The Arbitrator emphasized that the award "is not intended to require the Agency to 'assign' employees to the TMC-CIC classified position either retroactively or prospectively." Id. at 38. He stated that the award of backpay addressed situations where management had previously exercised its discretion, and the prospective application of the award acknowledged management's discretion to assign the CIC work in the future. Id. Against this background, the Agency fails to demonstrate how the backpay award, which addresses the financial consequences of the manner in which the Agency previously exercised its rights to direct employees and to assign work, requires the Agency to exercise its rights in a certain manner. See AFGE Local 727, 59 FLRA 674, 677 (2004) (requirement to properly compensate employees for work performed does not affect management's right to assign work under § 7106(a)(2)(B)). Likewise, as the award specifies that management has full discretion to assign CIC duties in the future, the Agency fails to demonstrate how the prospective portion of the award requires it to exercise its rights in a certain manner. Award at 38. Accordingly, the Agency has not established that the award affects its rights, and we deny this exception.
B. The award is not contrary to management's right to determine its organization under 7106(a)(1) of the Statute.
Management's right to determine its organization encompasses the right to determine the administrative and functional structure of the agency, including the relationship of personnel through lines of authority and the distribution of responsibilities for delegated and assigned duties. FAA, 58 FLRA at 178. The Agency argues that, as in FAA, the Arbitrator's award affects its right to determine its organization because, under the award, "TMCs working as CICs are to supervise traffic management operations and not air traffic control operations." Exceptions at 8.
The Agency's reliance on FAA is misplaced. In FAA, the award was contrary to management's right to determine its organization because it was "determinative of the organization of the midnight shift [by] . . . specif[ying] the nature and scope of the supervisory relationships, or lines of authority, on that shift." FAA, 58 FLRA at 178. In this case, the Arbitrator did not determine shift organization or specify the nature and scope of the supervisory relationships, or lines of authority, on any shift. To the contrary, as the Arbitrator specified, the award does not require the Agency to assign employees to the TMC-CIC position either retroactively or prospectively. Award at 38.
Accordingly, we deny this exception.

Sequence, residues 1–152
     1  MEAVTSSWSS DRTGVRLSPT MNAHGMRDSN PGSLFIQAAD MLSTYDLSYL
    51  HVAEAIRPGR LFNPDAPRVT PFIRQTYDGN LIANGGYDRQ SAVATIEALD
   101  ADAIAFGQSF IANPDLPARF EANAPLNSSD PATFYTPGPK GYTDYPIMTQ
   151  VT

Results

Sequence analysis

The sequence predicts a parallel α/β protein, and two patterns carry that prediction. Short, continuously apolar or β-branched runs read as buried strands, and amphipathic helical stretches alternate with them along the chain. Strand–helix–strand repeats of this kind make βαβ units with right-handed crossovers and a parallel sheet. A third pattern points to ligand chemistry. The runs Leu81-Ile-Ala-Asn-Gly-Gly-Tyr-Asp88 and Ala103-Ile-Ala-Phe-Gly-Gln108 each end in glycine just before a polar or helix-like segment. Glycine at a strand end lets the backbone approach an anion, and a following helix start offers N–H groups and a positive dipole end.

C. The award is not deficient by ordering payment of the differential to TMCs who were knowingly permitted to perform CIC duties.
The Agency contends that the award is deficient by ordering payment of the differential to TMCs who were knowingly permitted to perform CIC duties. The Agency claims that the Arbitrator erroneously applied this standard from the FLSA and failed to find a violation of the agreement or regulation.
It is clear from the award that the Arbitrator found a violation of the LOU and enforced the Agency's agreement in the LOU to pay the differential. In this regard, the Arbitrator stated the issue as whether the Agency violated the terms of the LOU and, if so, what is an appropriate remedy. Award at 2. He sustained the grievance and ordered the Agency to pay the differential to employees who were entitled to have been paid the differential under the terms of the LOU. Id. at 36. In finding a violation of the LOU, the Arbitrator specifically interpreted and applied the term "performed CIC duties" under the LOU. Id. In so doing, the Arbitrator relied on the understanding of the agency official who signed the LOU as to the term's meaning. Id. Thus, the award is specifically based on the terms of the LOU and on the Arbitrator's conclusion that the Agency failed to comply with those terms.
Consistent with the foregoing, we reject the Agency's claims that the award is based on the FLSA and that it is not based on a violation of the LOU. Moreover, the Agency's bare assertion that TMCs must be assigned CIC duties to be entitled to the differential provides no basis for finding deficient the Arbitrator's interpretation and application of the terms of the LOU to find TMCs knowingly permitted to perform CIC duties entitled to the differential. See NFFE Local 1442, 61 FLRA 857, 860 (2006) (bare assertions are insufficient to establish that an award is deficient).
Accordingly, we deny this exception.
The Agency's exceptions are denied.
 As discussed in more detail, infra, the Authority held in FAA that the arbitrator's award, which required the Agency to assign air traffic controllers to perform controller-in-charge duties in certain situations, was contrary to management's right to determine its organization under § 7106(a)(1) of the Statute. 58 FLRA at 179.
 We note that the Authority previously has rejected the Agency's claim that it is not covered by the FLSA. United States Dep't of Transp., Fed. Aviation Admin., 61 FLRA 750, 752 (2006). Likewise, the court in Abbey v. United States, 82 Fed. Cl. 722, 738 (2008) held that the FLSA applies to the Agency's employees.